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n00b Raspberry Pi + ADC questions.
MUFF WIGGLER Forum Index -> Music Tech DIY  
Author n00b Raspberry Pi + ADC questions.
ayruos
Hi!

So I've been recently thinking of integrating my Raspberry Pi with my Eurorack as a video synthesizer and had a few n00b questions. I've worked a bit with the GPIO pins on the pi using openFrameworks and ofxGPIO but always in a standalone manner and not tried it with external gear and I don't want to fry anything!

1. Power. Can I power the pi with the Euro busboards? With 5V/GND or 12V/GND?

2. I want to use CV controls with the Pi and of course I need an ADC for it. What's the best ADC for this? Can it handle bipolar signals? If not, what's the best way around it? Diodes to dump the negative signals to GND?

Any help welcome, willing to do my own research, comfortable with building basic circuits on the breadboards and even designing PCBs for fabrication, just don't want to fry my Pi at the get go! Any tips, or links that might be helpful, let me know! smile
ayruos
Research so far suggests converting the bipolar signal to a unipolar one and using the MCP0008 ADC with the Pi, and keeping the Pi at +5/GND.

This is what I'm referring to: https://masteringelectronicsdesign.com/design-a-bipolar-to-unipolar-co nverter/
Morphology
A Raspberry Pi 3 with all 4 cores running but nothing else connected will draw around 750mA from a 5v supply.

This is, for example, a lot more than the 170mA that something like a uZeus can supply on its 5v rail so, unless you have a lot of power available on your 5v rail, it is probably better to use a separate USB power supply.

The recommended supply for a Pi 3 is 2.5A, but that is mainly to ensure it has sufficient power to supply any peripherals plugged into its USB ports.

The 'normal' way of powering a Pi is via the micro USB connector, which is regulated and fuse-protected. It is certainly possible to power it via the GPIO header (Pin 2), though this bypasses the regulator and fuse protection.

I think most ADCs built specifically to work with the Pi are probably single-ended, and take 0-5v on their inputs, but I haven't done much research on what is commercially available and would work with the Software you are intending to use, so I can't help much with that.

Edit: Yes, that Bipolar to Unipolar conversion method will certainly work fine to feed a Unipolar ADC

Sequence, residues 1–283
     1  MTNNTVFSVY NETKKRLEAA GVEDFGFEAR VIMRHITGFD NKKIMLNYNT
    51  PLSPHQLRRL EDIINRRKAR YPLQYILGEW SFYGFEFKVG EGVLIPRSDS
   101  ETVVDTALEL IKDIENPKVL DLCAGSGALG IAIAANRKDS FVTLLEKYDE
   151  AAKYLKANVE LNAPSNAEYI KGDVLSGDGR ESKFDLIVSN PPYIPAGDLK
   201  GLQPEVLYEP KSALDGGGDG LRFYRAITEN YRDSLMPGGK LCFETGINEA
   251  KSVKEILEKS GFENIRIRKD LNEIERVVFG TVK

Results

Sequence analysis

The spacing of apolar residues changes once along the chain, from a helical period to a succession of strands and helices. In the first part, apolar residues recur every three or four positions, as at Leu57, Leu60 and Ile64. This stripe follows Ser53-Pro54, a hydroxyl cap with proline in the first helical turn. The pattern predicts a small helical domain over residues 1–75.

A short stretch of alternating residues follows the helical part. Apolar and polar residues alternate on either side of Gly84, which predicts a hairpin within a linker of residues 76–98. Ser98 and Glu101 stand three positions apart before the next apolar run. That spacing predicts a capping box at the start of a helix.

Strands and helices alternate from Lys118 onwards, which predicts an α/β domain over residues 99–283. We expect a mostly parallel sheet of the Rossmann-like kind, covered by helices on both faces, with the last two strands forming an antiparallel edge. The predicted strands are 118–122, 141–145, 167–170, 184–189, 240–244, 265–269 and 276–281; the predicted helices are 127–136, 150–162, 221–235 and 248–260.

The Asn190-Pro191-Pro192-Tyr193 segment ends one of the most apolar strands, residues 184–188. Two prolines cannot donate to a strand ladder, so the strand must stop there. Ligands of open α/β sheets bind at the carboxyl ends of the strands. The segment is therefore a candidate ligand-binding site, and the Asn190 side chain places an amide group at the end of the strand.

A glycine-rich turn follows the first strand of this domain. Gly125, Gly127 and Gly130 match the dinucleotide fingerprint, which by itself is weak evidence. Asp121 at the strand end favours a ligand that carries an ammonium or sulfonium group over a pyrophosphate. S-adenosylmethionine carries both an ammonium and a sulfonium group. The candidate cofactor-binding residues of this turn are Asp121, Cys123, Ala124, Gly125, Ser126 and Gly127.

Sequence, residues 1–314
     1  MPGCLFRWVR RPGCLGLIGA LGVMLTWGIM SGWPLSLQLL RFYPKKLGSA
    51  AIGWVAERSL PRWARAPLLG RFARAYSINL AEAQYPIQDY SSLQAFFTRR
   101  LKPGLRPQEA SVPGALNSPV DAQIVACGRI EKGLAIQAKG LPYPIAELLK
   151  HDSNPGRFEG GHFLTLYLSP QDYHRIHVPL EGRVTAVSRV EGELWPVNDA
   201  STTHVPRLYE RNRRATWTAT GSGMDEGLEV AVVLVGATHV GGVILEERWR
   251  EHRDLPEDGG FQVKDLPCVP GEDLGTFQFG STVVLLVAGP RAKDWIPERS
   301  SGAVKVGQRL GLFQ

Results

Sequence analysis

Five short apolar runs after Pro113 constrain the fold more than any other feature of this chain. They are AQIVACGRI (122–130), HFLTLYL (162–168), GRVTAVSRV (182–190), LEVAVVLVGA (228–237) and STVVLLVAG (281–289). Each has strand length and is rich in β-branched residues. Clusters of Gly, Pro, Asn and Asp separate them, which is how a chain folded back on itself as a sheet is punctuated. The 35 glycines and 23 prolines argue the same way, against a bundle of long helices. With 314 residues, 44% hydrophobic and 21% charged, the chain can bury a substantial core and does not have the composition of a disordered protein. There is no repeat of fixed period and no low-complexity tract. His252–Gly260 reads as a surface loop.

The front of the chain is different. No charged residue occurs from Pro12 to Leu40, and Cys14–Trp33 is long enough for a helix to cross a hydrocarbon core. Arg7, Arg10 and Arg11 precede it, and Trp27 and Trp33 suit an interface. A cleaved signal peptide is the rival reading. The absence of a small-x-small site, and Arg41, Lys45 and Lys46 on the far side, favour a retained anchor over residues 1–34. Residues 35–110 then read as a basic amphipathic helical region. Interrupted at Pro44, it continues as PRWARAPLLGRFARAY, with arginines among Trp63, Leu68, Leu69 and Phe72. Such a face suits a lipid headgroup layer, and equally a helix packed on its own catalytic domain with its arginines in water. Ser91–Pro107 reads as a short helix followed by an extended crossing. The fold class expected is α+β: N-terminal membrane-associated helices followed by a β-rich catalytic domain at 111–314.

Morph
ayruos
Thanks about the tip about the uZeus, that's the exact power supply I have so I'm better of running it with USB I guess smile

The MCP3008 ADC chip seems to be out of stock everywhere :( but i'll build the bipolar to unipolar circuit soon.
infovore
Re: the 'bipolar to unipolar' scaling via a differential amp - have a look at the (open source) schematics to any of the Mutable Instruments digital modules - say, Rings - to see how Olivier scales and offsets inputs down to 0-3.3V - he's picked some sensible ranges for input. (IIRC - I don't have them to hand right now - Rings takes -1.5-5V ish on V/Oct, and +/- 8 on the rest).
MalteSteiner
I also had problems to get the MCP 3008 for a recent project, but did you tried to get MCP 3208? Its 12bit instead of 10 and seems to be more available. You only have to adapt your calculations on the softwareside to the better resolution
ayruos
infovore wrote:
Re: the 'bipolar to unipolar' scaling via a differential amp - have a look at the (open source) schematics to any of the Mutable Instruments digital modules - say, Rings - to see how Olivier scales and offsets inputs down to 0-3.3V - he's picked some sensible ranges for input. (IIRC - I don't have them to hand right now - Rings takes -1.5-5V ish on V/Oct, and +/- 8 on the rest).


Thanks @infovore. Will do. I was thinking about this as well, as -/+12 seems to be a bit overkill as most stuff outputs -/+5V and 0-8V for envelops (at least according to Doepfer specs).
ayruos
Just wanted to say I got this working smile

Now that this hurdle is cleared, the real works starts!

In case anyone is wondering, using the MCP3008 as the ADC w/ Schottky diodes for over voltage and negative voltage protection.

The 3.3V is going through a voltage divider to become 1.65V which goes through a unity gain buffer as reference voltage to scale -/+5 V to 0-3.3V. If anyone wants schematics, let me know smile

I'm so happy I got this working today without frying he Pi razz
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